San Diego County health officials confirm flu outbreak at shelter housing asylum-seekers
SAN DIEGO (KUSI) – County health officials Thursday announced a flu outbreak at a local immigrant shelter, which is housing asylum seekers flown from Texas to San Diego by federal immigration authorities.
According to Dr. Dean Sidelinger, the county’s deputy public health officer, the county has identified 16 people at the shelter who have an “influenza-like illness.” County health officials have quarantined and begun treating those affected.
The patients are currently being housed at a shelter in Cortez Hill operated by the San Diego Rapid Response Network, a coalition of human-rights, service and faith-based organizations such as Jewish Family Service of San Diego. The county Board of Supervisors voted in January to authorize the SDRRN to use the former courthouse as a temporary shelter.
“Our staff, in conjunction with those of Jewish Family Services and others, are following established procedures to ensure these individuals and their families are well before they leave San Diego for other destinations,” Sidelinger said.
The U.S. Department of Homeland Security began flying detained asylum- seeking immigrants from the Rio Grande Valley in Texas to San Diego on May 17. Many of the detainees are families that have claimed asylum at the U.S.-Mexico border and are being sent to San Diego County for processing.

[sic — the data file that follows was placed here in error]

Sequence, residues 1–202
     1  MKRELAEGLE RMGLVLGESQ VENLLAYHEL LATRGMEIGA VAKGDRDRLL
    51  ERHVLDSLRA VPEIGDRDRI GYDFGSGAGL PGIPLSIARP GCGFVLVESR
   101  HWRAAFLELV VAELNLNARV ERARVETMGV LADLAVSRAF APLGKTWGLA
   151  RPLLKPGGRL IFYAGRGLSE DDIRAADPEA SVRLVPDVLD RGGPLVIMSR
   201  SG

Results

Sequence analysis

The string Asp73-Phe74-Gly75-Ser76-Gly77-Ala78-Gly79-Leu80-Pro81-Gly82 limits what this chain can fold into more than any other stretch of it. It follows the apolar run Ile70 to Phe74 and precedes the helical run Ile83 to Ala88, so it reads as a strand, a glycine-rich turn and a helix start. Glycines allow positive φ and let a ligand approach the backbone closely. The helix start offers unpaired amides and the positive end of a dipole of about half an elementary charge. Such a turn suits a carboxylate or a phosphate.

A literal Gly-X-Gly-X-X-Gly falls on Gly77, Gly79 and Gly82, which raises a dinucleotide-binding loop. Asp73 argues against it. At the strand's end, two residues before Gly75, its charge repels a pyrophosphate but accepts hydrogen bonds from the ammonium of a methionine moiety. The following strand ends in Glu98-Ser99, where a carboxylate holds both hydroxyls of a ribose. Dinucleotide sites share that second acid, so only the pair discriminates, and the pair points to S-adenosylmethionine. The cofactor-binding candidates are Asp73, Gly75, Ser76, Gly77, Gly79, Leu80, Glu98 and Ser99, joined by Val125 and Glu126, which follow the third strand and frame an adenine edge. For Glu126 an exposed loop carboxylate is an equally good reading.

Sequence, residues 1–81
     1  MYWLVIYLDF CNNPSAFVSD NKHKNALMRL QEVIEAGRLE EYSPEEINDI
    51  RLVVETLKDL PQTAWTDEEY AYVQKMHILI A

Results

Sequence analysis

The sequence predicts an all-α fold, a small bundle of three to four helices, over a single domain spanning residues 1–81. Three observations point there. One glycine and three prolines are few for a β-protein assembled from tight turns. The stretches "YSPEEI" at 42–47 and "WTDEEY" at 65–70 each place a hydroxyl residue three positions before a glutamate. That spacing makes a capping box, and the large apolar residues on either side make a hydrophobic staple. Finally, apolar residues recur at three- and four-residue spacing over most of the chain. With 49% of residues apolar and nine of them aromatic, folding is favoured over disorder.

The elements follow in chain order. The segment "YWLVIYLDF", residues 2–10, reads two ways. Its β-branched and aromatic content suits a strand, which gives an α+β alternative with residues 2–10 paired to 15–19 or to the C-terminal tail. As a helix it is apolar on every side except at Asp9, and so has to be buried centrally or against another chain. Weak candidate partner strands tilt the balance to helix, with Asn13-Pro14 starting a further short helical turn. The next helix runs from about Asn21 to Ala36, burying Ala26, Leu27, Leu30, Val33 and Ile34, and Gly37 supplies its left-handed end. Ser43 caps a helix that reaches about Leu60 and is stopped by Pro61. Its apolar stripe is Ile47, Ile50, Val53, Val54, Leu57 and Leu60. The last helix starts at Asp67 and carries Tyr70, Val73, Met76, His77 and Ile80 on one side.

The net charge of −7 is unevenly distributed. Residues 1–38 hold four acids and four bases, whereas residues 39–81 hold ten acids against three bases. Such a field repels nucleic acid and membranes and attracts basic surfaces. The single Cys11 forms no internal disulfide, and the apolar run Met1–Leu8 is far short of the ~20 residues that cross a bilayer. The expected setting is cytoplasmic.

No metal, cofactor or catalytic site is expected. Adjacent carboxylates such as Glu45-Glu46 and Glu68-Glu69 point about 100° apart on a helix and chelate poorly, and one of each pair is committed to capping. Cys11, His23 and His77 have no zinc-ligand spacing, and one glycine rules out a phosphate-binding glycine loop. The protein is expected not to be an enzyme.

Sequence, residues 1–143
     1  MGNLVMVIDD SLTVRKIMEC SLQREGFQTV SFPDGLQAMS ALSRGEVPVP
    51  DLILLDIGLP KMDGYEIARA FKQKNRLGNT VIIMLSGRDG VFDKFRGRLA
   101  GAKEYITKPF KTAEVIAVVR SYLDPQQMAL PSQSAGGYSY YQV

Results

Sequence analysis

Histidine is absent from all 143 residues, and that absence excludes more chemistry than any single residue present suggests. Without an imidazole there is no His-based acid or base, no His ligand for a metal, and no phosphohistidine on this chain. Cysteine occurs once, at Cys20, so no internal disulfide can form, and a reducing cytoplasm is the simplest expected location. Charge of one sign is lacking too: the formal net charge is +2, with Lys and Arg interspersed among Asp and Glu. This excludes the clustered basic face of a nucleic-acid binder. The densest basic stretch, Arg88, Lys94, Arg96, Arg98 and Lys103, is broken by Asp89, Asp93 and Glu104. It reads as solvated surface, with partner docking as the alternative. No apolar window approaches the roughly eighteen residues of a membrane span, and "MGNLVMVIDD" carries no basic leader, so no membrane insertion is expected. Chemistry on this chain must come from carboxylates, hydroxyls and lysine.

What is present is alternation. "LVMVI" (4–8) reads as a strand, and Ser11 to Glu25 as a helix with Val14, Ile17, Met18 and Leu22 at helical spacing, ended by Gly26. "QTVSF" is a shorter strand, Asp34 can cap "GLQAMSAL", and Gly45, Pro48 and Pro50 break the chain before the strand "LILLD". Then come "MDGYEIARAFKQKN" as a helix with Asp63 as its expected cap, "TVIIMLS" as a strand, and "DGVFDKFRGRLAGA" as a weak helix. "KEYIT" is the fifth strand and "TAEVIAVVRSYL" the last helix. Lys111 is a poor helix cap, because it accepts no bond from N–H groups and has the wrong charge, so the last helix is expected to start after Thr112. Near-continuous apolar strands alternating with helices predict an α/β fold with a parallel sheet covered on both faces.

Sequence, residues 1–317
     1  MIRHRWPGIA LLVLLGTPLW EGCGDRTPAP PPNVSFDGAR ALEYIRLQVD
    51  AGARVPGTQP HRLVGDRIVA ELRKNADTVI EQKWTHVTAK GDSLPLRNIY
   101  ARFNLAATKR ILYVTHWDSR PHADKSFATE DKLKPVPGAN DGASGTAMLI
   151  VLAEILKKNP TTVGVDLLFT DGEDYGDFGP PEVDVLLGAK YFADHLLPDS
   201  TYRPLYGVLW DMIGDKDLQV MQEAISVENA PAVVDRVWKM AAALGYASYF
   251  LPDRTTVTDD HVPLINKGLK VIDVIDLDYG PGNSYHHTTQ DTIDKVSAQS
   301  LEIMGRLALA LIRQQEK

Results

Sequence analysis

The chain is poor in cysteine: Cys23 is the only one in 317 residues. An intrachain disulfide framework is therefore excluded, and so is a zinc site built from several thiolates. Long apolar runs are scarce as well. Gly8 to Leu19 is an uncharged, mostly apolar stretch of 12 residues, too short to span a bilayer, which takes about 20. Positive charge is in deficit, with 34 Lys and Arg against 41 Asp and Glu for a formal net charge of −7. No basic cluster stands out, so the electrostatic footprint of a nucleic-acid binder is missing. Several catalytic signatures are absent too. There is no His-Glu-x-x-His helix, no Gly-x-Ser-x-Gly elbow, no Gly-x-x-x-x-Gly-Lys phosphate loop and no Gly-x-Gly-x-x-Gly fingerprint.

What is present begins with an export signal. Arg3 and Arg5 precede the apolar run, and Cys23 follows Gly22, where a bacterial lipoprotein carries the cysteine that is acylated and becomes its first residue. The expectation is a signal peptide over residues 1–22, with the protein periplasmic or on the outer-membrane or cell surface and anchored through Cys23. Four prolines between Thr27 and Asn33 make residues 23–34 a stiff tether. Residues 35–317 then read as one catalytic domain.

Federal immigration authorities announced the plan last week to fly asylum-seeking immigrants to San Diego due to an unprecedented immigration crush in the Rio Grande Valley. Customs and Border Protection agents have detained an average of 4,500 migrants each day this year. CBP officials have also said they are currently holding roughly 8,000 people in the Rio Grande Valley, double the agency’s capacity in the area.
Immigration authorities are operating 10 jets between San Diego and Texas with roughly 130 people aboard per flight. Local CBP agents aim to process detained asylum seekers within 72 hours. At that point, they are often released into the county with an ankle monitor to ensure they attend the hearing for their asylum claim.
The county defines a flu outbreak as one person being diagnosed with the virus and a second developing the illness within 72 hours. County officials said they plan to continue monitoring the shelter for flu-like symptoms and illnesses to ensure that they do not spread throughout the facility or the surrounding communities.
“Our early efforts to create a safe and professionally-staffed shelter for legal migrant families has protected the greater San Diego region,” said county Supervisor Nathan Fletcher. “Our rigorous screening process and attentive medical staff is what has allowed us to quickly identify this issue and take steps to address it.”